20th October 2016

47% of Institutional Investors expect issuance of asset-backed Securities to grow in Europe, research* shows

  • 30% of institutional investors expect to increase their exposure to asset-backed securities (ABS) over the next three years
  • Risk/return attractions of ABS seen as strongest reason to increase exposure

London, 20 October 2016 – Nearly half (47%) of institutional investors expect issuance in Europe of asset-backed securities (ABS), such as fixed income securities listed on regulated and unregulated stock markets, to rise over the next three years, according to new research* by Managing Partners Group (MPG), the international asset management group. Only 4% see issuance falling moderately.

Jeremy Leach, Chief Executive officer at MPG, announced the findings today during a panel event at the FinanceMalta Conference in London. The conference was entitled Malta Structures to Service European Asset Management Business.

The research found that 30% of institutional investors expect to increase their exposure to ABS over the next three years. The most common reason cited for doing so is that they are attractive on a risk/return basis (40%); 30% say they give better yields than are available elsewhere in the market and another 30% like the fact they are secured against real underlying assets.

More than three in five (63%) investors say ABS can be used to increase income in portfolios and 51% say they can be used to cut overall risk.

Jeremy Leach, Chief Executive Officer at MPG, commented: "The growing popularity of asset-backed securities is understandable given that they offer outstanding levels of income secured against real underlying assets in an environment in which so many asset classes offer unimpressive returns. The yield most commonly identified as the "sweet spot" for them by our respondents is 4.1-5.0%, which is very attractive when interest rates are at record lows globally."

"ABS can also play a key role in raising finance for companies, especially SMEs. Securitisations were instrumental in helping the US economy to recover from the savings and loan crisis of the 1980s and the current funding gap in Europe could be plugged by ABS providers intermediating between investors and businesses that need capital."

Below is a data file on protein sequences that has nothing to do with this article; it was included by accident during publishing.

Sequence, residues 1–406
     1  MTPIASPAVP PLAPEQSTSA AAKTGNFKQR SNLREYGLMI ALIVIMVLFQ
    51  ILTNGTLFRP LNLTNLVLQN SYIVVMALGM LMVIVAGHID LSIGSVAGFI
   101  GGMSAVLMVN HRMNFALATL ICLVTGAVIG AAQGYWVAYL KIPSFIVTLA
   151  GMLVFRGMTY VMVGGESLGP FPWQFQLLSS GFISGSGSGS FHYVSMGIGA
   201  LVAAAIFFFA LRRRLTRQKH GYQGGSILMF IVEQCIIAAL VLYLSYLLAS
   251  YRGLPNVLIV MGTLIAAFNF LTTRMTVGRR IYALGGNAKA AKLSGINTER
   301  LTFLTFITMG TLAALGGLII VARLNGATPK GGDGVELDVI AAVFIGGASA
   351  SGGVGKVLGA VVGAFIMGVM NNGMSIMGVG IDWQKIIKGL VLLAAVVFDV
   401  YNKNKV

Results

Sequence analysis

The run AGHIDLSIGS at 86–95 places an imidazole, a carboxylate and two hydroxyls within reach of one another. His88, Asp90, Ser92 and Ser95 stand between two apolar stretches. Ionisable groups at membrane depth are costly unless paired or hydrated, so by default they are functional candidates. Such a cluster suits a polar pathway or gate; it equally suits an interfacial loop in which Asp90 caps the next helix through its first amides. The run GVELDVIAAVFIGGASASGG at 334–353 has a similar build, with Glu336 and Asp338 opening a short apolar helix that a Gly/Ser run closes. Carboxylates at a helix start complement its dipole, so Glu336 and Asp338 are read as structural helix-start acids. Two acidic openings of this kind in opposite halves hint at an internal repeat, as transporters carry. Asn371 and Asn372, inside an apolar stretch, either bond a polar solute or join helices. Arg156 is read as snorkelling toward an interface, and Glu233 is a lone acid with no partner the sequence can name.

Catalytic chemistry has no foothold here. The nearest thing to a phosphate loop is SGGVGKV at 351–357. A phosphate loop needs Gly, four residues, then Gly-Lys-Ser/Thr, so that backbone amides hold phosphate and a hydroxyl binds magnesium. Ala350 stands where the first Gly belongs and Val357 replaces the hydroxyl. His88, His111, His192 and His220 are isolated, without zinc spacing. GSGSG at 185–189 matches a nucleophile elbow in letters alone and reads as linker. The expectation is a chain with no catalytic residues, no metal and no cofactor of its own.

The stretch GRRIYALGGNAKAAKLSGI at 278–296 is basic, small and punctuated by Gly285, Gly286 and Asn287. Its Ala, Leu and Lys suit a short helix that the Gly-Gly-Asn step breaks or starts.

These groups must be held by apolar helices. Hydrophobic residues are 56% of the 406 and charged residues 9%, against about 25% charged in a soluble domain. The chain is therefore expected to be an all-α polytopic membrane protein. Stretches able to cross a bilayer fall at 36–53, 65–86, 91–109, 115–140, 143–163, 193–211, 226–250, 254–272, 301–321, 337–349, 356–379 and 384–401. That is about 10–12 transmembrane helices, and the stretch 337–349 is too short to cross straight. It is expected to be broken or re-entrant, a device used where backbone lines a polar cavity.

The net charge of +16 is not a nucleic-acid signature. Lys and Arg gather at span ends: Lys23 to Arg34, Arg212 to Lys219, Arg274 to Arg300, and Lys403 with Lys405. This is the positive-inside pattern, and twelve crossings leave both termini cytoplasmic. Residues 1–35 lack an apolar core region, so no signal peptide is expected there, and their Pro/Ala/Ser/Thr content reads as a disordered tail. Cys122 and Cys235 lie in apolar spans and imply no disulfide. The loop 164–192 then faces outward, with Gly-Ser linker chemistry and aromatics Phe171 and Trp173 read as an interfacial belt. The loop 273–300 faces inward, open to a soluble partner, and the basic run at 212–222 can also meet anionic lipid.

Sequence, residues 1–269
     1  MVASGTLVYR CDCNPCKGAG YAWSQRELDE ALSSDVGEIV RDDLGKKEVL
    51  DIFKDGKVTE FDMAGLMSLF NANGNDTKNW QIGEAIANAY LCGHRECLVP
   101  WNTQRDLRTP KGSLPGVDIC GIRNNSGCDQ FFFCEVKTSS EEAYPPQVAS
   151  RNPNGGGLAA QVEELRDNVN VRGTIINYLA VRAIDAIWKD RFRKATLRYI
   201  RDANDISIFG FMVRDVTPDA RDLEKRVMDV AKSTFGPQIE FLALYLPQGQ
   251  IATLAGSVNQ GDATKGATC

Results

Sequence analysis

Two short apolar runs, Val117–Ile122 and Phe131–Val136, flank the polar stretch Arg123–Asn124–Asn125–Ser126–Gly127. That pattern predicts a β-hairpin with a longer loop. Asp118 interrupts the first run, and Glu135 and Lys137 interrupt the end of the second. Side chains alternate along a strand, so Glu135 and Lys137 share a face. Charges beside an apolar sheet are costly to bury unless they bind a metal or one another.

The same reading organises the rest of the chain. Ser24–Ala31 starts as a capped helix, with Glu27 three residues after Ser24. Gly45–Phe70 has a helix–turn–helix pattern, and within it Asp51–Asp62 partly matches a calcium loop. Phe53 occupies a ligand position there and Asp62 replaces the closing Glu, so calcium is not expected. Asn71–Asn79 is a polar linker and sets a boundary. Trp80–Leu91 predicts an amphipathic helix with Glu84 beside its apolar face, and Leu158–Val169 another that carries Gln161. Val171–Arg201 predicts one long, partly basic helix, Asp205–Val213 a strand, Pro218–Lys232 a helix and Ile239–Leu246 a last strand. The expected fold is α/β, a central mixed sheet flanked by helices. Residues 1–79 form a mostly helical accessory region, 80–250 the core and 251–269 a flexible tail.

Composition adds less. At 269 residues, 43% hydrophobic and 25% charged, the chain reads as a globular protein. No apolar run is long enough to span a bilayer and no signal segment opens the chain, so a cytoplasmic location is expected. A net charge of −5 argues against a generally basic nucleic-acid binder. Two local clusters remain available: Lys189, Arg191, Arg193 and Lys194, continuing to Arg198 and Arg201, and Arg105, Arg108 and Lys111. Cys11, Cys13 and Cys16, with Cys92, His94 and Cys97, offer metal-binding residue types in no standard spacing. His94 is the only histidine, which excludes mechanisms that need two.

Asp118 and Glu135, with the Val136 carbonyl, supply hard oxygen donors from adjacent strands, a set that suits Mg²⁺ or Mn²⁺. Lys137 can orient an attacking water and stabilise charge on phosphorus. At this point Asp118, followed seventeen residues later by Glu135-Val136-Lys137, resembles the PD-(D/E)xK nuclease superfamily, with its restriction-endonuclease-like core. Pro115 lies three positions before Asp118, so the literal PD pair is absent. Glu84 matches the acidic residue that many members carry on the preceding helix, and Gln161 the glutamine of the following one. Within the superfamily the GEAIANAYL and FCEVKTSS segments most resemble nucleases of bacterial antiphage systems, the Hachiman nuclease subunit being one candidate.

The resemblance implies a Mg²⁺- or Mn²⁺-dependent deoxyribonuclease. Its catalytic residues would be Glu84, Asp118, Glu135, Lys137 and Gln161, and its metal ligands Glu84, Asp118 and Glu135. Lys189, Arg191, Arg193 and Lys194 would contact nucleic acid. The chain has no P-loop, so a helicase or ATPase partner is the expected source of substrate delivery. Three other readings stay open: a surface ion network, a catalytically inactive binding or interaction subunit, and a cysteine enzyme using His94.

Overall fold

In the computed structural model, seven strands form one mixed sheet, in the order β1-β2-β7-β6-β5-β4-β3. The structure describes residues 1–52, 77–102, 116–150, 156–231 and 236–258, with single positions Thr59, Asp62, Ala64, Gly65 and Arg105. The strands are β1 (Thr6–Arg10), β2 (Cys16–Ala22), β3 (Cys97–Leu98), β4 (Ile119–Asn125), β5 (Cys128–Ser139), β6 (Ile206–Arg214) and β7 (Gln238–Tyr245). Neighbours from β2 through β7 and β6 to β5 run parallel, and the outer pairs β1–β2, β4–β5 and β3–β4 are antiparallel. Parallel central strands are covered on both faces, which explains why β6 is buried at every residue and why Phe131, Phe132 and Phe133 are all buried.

"We also found that a third (33%) of investors believe reputational fallout from the global financial crisis is the single biggest restraint on the ABS market in Europe. However, while the over-complicated securitisations backed by poorly selected or obscure assets at the heart of the financial crisis resulted in all structured securities being tarred with the same brush, this was largely unjustified. Post credit crunch pricing and levels of new issuance has demonstrated this amply, even if European issuance has yet to catch up with the US.

MPG believes the market for ABS is set to grow exponentially over the next few years in Europe to meet demand from companies in three main sectors - SMEs looking to expand their products and services, operators in the growing FinTech sector and alternative fund managers looking to raise extra capital without creating new shares or units in their products.

In all these sectors that are currently seeing growth in demand for capital MPG anticipates strong demand for ABS that are secured on the underlying assets and provide attractive yields for investors.

A key factor in MPG’s decision to establish an office in Malta was the country’s Securitisation Act as well as its other attributes. Jeremy Leach added: "Malta is a recognised jurisdiction for asset managers and there is an established choice of core service providers including banks, fund administrators and audit firms, it offers market access not just to the EU but Commonwealth countries, too. Its regulator, the Malta Financial Services Authority, is very approachable and has embraced European legislation, responding quickly to new directives such as the AIFMD, while Its push for Islamic banking demonstrates its intention to position Malta as one of Europe’s most important financial centres."

* Source: Survey carried out among 50 institutional investors globally in October 2016